War is a Health Issue - Melbourne University must end collaboration with arms manufacturer Lockheed Martin

Following the announcement by Melbourne University that it will be collaborating with weapons manufacturer Lockheed Martin, the MAPW Student Group has written to the university calling for the partnership not to go ahead.

As medical students, they are concerned that any association with such a company, implicates the university in the development of weapons which kill and effect the health of those who survive there use.

MAPW Student Group is also requesting a meeting with the university to put their case. Watch out for more updates soon.

In the meantime, read the MAPW Student Group letter below.

To find out more about MAPW Student Group at Melbourne University, follow their facebook page www.facebook.com/mapw4unimelb/

 

 

Professor Glyn Davis

9th Floor, Raymond Priestley Building
The University of Melbourne
Victoria, 3010

Australia

 

5 May 2017

To Professor Davis,

We are writing to protest about the recent collaboration between the University of Melbourne School of Engineering and Lockheed Martin in the formation of the ‘STELaRLab’ research centre. This collaboration implicates the university in the development of weapons which are responsible for the high levels of morbidity and mortality each year, and helps to legitimize a deeply corrupt industry.

War is a health issue, and as future doctors we feel duty bound to prevent our university from worsening this worldwide problem.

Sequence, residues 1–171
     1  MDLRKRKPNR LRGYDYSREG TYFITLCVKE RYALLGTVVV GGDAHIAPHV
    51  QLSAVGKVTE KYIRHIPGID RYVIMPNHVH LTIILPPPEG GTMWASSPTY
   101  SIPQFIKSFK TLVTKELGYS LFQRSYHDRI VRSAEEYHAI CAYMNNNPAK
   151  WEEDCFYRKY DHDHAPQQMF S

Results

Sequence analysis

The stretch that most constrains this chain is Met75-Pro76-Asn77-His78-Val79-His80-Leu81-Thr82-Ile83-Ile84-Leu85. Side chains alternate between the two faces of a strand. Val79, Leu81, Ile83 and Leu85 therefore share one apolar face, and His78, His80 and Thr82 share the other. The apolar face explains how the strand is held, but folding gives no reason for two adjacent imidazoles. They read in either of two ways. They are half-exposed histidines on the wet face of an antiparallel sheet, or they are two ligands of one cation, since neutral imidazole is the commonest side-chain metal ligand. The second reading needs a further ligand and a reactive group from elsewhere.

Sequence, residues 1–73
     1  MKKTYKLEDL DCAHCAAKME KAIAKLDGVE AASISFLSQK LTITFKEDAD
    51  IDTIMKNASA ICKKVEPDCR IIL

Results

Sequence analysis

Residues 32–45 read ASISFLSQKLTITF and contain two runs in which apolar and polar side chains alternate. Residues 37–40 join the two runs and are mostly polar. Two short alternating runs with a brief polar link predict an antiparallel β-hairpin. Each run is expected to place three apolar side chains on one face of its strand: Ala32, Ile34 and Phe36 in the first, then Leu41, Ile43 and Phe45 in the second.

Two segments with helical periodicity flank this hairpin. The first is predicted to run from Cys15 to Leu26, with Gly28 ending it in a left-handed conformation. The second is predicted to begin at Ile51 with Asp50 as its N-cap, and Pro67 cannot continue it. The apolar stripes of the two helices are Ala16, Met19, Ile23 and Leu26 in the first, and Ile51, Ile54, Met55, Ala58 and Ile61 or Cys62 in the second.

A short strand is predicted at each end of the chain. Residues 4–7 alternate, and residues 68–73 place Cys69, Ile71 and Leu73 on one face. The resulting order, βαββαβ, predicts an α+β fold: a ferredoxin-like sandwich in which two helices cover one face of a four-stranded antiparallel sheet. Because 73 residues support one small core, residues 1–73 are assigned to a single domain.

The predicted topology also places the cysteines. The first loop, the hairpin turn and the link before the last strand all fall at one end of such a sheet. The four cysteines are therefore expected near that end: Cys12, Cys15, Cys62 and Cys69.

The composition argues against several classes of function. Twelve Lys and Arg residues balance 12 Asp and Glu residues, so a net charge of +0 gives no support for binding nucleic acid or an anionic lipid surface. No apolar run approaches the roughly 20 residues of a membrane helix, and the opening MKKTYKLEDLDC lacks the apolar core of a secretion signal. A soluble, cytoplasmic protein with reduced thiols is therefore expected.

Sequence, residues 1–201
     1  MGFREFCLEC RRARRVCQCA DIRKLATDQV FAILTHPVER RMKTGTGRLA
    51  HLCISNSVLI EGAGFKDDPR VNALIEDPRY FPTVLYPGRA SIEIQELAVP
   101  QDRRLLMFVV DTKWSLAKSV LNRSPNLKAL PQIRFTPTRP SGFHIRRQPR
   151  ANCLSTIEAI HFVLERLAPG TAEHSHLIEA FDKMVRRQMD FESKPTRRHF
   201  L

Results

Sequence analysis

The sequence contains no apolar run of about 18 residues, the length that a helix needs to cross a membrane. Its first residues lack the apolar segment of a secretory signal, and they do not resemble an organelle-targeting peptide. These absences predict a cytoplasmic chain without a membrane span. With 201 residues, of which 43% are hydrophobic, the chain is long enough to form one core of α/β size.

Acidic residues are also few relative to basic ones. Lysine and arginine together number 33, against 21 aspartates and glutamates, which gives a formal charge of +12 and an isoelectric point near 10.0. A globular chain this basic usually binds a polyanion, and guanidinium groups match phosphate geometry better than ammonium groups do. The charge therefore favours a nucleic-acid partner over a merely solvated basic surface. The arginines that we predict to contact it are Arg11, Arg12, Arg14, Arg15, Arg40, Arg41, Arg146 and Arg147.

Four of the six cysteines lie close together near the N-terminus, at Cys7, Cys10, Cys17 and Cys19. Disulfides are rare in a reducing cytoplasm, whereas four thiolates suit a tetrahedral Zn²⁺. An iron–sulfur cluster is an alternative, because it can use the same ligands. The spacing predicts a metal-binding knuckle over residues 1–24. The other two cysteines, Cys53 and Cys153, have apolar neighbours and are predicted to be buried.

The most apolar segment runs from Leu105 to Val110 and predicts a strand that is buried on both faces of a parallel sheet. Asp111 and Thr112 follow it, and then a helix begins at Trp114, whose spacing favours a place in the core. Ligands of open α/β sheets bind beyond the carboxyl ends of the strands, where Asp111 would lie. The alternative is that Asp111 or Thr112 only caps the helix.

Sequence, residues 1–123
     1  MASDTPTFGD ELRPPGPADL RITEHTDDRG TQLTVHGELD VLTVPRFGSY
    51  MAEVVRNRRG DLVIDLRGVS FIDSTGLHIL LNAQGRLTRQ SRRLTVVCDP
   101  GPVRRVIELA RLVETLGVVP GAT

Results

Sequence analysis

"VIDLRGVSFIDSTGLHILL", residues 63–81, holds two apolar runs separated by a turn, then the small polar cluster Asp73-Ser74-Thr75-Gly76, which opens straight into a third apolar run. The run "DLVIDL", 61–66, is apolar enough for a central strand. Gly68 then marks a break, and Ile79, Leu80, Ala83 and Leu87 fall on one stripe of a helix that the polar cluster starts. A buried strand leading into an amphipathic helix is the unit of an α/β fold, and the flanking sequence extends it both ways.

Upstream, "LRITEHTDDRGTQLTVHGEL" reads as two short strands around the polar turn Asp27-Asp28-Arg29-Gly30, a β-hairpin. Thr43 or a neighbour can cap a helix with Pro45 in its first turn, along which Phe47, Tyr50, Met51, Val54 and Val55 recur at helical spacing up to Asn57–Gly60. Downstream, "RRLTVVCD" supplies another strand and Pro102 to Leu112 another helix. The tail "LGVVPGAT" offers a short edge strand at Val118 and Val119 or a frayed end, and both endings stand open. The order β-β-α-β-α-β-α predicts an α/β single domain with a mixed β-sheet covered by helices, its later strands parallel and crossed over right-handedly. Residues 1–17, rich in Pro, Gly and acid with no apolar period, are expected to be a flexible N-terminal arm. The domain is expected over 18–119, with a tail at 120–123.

Lockheed Martin profits from the perpetuation of war. For example, the recent US Tomahawk cruise missile attack on a Syrian airbase in response to the Al Assad regime’s use of chemical weapons considerably escalates US involvement in the Syrian civil war. No doubt this will result in increased casualties on all sides, further complicating an already complex conflict. Lockheed Martin sold those weapons to the US military, and stands to profit from US involvement in Syria. Does the University of Melbourne truly believe its interests to align with those of such a company?

We understand that this collaboration promises to provide funding and resources to the University of Melbourne School of Engineering, as well as industry experience for its students. However, we ask you to consider the effect of this collaboration on the academic integrity of the University of Melbourne. The university’s strategic plan (2015-2020) states that “The essence of a university is to develop and share knowledge”. Aligning with Lockheed Martin means that the knowledge generated by this university can no longer be considered free from bias, as it will be tainted by sharing interests with a weapons manufacturer. How can students be encouraged to critically appraise the effectiveness and need for worldwide conflicts, or develop peaceful mechanisms for conflict resolution, when university funding now relies on the perpetuation of war?

Will this collaboration allow the University of Melbourne to “grow in the esteem of future generations”? Profiting from weapons sales significantly damages the university’s reputation amongst its alumni and in the wider community. 

We urge you to reconsider the collaboration between the University of Melbourne and Lockheed Martin. The “MD graduate attributes” list asserts that Melbourne MD students should develop “a commitment to the resolution of health inequalities globally and locally”. We believe that attempting to endow Melbourne MD students with this attribute is hypocritical whilst the University is helping to propagate a key determinant of global health: war.

We would value the opportunity to discuss these issues with you at your earliest convenience. 

 

Monica Koenig and Lucy McPhate

Doctor of Medicine, Year 4

MAPW Student group

 

On behalf of MAPW

Australian affiliate of International Physicians for Prevention of Nuclear War (IPPNWi).

Recipient of the 1985 Nobel Peace Prize.